MPs consider Lords Amendments to the Care Bill

12 May 2014

MPs debated amendments made by the House of Lords to the Care Bill, in the House of Commons on Monday 12 May 2014.

The House of Commons agreed with the Lords Amendments. The Bill is now waiting for Royal Assent, which is scheduled for Wednesday 14 May 2014.

Related information

Summary of the Bill

A Bill to reform the law relating to care and support for adults and the law relating to support for carers, to make provision about safeguarding adults from abuse or neglect, to make provision about care standards, to establish and make provision about Health Education England, to establish and make provision about the Health Research Authority, and for connected purposes.

Progress of the Bill

The Bill was introduced to the House of Lords on 9 May 2013 and had its third reading in the Lords on 29 October 2013. The Bill completed its Third reading in the Commons on 11 March and returned to the Lords on 7 May for consideration of Commons amendments.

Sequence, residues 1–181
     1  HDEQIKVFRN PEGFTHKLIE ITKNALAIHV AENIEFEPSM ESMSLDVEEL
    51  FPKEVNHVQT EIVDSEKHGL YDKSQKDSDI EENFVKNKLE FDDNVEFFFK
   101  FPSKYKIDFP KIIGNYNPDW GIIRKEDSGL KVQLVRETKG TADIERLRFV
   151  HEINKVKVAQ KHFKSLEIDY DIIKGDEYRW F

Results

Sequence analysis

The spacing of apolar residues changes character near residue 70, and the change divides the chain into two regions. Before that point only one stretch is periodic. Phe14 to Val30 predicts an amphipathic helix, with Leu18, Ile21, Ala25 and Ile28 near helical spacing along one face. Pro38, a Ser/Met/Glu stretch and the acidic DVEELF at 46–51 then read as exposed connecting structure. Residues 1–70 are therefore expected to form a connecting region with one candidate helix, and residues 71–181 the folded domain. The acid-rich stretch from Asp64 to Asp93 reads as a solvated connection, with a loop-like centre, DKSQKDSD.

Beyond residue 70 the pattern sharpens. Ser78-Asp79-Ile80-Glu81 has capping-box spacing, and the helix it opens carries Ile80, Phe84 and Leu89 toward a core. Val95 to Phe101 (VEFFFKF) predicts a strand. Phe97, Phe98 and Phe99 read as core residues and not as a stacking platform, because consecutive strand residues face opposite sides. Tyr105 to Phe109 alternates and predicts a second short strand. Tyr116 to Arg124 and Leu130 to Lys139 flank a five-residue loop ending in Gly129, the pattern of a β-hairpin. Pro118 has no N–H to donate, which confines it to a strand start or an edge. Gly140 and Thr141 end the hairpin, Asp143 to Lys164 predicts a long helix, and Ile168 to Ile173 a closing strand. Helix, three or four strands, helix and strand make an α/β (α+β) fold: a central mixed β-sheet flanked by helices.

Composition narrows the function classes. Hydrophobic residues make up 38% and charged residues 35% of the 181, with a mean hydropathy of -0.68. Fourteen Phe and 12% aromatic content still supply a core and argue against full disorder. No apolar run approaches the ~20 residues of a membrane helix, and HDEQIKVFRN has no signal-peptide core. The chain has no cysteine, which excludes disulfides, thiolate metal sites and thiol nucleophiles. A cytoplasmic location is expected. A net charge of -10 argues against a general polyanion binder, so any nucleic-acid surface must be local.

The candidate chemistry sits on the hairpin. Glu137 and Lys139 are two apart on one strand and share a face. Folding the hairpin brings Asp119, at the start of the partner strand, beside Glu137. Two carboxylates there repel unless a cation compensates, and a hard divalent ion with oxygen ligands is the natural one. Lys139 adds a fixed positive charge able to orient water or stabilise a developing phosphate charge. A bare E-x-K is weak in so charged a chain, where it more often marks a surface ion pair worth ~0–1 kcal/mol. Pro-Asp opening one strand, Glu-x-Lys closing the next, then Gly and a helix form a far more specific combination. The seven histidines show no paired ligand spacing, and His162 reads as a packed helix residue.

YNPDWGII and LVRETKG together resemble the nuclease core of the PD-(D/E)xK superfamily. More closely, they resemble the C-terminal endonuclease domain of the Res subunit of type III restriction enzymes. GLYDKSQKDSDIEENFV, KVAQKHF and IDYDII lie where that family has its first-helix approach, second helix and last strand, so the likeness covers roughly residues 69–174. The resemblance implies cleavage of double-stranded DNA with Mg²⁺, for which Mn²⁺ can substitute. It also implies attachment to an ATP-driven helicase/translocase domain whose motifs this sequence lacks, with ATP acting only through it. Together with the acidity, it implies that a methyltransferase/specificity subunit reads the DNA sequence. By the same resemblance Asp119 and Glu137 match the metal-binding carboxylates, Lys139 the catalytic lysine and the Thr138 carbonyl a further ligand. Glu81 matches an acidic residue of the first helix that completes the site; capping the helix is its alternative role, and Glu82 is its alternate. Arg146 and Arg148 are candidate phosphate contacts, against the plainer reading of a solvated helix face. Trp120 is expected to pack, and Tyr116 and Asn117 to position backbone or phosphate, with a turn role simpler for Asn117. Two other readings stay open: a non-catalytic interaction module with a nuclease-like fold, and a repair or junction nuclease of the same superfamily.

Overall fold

Keep up to date with all the proceedings and documentation, including amendment papers, on the Care Bill and find out how a Bill becomes an Act of Parliament.

House of Commons Library Analysis

The House of Commons Library produces briefing papers to inform MPs of key issues. The papers contain factual information and a range of opinions on each subject, and aim to be politically impartial. The Library has prepared the following papers:

Lords Amendments

When a Bill has passed through third reading in both Houses it is returned to the first House (where it started) for the second House's amendments (proposals for change) to be considered.

Both Houses must agree on the exact wording of the Bill. There is no set time period between the third reading of a Bill and consideration of any Commons or Lords amendments.

What happens after consideration of amendments?

Once the Commons and Lords agree on the final version of the Bill, it can receive Royal Assent and become an Act of Parliament (the proposals of the Bill now become law).

Watching proceedings from the public gallery

UK residents and overseas visitors can watch proceedings in the House of Commons by visiting the public gallery.

Image: iStock

This article was produced by the Commons Digital Outreach Team. Follow the @HouseofCommons on Twitter for updates on the UK House of Commons Chamber.

More news on: Parliament, government and politics, Parliament, Communities and families, Health services and medicine, Health services, Elderly people, Commons news, Bill news

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